Breathing and meditation not only are important factors to physical recovery, but are important for emotional release as well. When you can free the mental stresses consciously or unconsciously hold, your physical practices will improve as well and help you become a better parent, boss, employee, co-worker, partner, CrossFit-er, or anything else that you want to become. In order to meet your intentions, there are behavioral steps that must be practiced or intention will mean next to nothing. 

       There are several methods to practicing recovery through breath. Although this list is far from extensive, here are 3 simple routines that you can begin to practice:

Controlled Hyperventilation 

       Controlled hyperventilation is often used by athletes because it creates a negative CO2 environment which creates similar chemical reactions and experience of euphoria that people reach through the use of drugs. Through rapid cycles inhalation and exhalation, one can achieve a euphoric state that can help in releasing feelings of stress and increase the capacity of consciousness, or awareness, in order to tackle challenges with better mental clarity. This routine is best used in preparation for performance or leading up to a particular event. 

Tactical/Belly Breathing

       Most of the breathing that we do in our day-to-day are very shallow breaths through our chest. In contrast, belly breathing is shown to be the most effective way to reach full breath capacity while training. The greater amount of muscle in your upper body, the heavier your body will become during a workout as blood will be sent into those muscles. As a result, this means that throughout a workout we begin to lose our ability to expand our lungs, causing us to be short of breath. Belly breathing expands our opportunity and space for breath by using the lower lungs and diaphragm to reach full breathing capacity.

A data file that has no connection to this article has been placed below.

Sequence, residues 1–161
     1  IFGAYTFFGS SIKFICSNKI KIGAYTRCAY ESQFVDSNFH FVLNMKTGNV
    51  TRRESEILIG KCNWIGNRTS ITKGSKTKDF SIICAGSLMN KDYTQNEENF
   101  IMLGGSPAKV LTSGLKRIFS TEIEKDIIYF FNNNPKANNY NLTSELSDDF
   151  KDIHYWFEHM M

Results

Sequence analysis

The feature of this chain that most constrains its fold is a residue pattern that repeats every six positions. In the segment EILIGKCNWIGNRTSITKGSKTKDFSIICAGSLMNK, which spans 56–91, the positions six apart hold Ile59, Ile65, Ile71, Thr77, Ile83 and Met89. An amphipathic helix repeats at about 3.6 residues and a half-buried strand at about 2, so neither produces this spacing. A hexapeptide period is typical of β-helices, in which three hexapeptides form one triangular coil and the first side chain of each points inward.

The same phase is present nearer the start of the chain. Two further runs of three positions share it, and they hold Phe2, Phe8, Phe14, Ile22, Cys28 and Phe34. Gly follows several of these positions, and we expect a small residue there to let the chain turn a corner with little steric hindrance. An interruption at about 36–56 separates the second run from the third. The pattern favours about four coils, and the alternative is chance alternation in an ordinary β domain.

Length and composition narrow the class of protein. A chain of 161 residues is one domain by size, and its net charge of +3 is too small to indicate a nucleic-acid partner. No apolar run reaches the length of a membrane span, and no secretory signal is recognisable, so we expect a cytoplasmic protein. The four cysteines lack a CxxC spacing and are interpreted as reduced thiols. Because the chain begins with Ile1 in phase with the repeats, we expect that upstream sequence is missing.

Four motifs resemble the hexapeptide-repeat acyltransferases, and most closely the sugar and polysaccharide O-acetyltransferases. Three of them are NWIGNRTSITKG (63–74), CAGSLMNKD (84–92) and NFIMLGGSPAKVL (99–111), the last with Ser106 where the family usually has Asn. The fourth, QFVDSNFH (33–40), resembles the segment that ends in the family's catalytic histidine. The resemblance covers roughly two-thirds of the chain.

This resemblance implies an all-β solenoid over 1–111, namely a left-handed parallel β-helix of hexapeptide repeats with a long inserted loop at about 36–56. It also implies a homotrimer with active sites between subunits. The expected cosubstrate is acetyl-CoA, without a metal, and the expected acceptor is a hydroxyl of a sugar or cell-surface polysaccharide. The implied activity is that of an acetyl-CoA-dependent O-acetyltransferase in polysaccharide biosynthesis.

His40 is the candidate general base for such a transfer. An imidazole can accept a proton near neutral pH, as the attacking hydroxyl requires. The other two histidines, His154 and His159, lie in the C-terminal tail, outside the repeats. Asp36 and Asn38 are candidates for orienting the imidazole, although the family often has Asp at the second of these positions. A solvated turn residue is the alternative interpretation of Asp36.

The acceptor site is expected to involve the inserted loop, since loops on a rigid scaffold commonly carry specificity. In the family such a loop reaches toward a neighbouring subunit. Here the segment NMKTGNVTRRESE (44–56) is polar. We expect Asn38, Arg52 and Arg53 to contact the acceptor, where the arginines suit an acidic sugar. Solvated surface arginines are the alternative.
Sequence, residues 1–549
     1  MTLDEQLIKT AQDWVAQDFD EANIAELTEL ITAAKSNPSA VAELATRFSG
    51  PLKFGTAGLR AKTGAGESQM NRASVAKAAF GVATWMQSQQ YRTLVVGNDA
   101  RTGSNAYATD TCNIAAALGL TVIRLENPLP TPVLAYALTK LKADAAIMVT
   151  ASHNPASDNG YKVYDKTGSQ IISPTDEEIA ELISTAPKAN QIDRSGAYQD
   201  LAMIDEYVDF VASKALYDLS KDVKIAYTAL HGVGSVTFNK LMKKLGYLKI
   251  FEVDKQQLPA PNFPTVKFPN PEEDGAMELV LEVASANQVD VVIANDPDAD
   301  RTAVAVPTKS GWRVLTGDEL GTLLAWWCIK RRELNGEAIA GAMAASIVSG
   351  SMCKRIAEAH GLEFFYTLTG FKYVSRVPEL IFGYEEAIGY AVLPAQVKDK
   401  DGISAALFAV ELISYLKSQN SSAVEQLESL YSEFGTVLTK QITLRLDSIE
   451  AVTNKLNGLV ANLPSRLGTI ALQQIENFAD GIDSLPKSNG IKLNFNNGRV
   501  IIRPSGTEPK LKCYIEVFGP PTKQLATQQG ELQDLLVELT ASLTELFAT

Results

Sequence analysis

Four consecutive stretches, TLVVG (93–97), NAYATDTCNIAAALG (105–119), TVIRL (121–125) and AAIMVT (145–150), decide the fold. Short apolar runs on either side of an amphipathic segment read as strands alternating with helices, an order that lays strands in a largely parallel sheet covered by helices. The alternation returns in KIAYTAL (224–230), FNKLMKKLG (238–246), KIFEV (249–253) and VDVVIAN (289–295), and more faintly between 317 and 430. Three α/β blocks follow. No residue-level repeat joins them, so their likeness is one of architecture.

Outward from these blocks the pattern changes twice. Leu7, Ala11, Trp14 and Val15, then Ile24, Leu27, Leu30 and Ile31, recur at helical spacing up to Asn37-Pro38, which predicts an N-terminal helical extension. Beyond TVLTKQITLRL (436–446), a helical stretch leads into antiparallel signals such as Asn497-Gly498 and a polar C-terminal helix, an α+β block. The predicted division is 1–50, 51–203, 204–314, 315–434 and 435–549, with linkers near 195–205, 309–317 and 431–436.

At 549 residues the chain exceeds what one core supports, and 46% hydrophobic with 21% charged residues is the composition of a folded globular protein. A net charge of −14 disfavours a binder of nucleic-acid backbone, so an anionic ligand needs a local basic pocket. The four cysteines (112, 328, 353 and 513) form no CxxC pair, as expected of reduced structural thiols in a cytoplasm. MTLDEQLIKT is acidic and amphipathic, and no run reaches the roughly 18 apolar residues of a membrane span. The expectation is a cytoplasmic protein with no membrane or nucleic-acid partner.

This method is also known as tactical breathing and is commonly used by Navy SEALs to control anxiety and remain calm during stressful activity. The best time to use this method would be for performance purposes. 

Lying flat on the floor, place one hand on your stomach and push your belly out as far as you can by pulling the breath in through the nostrils. Think of pressing your belly into the spine as it fills, then through the diaphragm and finally into the chest. This three-part breath will allow you to fill the deep portions of the lungs and expand to full capacity. To exhale, start with the chest, then the diaphragm and back to sinking the belly. Practice long inhales and exhales to consume and expel as much oxygen as possible with each breath.

Box Breathing

       In practice, box breathing is very similar in mechanics to the tactical breathing, but adds a hold at the top and bottom of the breath. This “box” pattern of inhale, hold, exhale and hold give this practice its name. In performance, holding your breath would not be recommended, so box breathing is best as a preparation, recovery or meditation method. 

       As you continue to face the challenges of life, in and out of the gym, you will also continue to reach new heights of intensity. In your successes, remind yourself the importance of recovery so that you can continue to achieve greater things and practice this through simple patterns of breathing. 

January 19, 2017 | Blog | 1

One Response to The Physiology and Psychology of Breath

  1. JP says:

    This is so essential for everyone. Thank you Hannah, breathing is something we do unconsciously and not very well. When we start to take accountability with our breath and intention, we are better served to be able to handle anything and everything!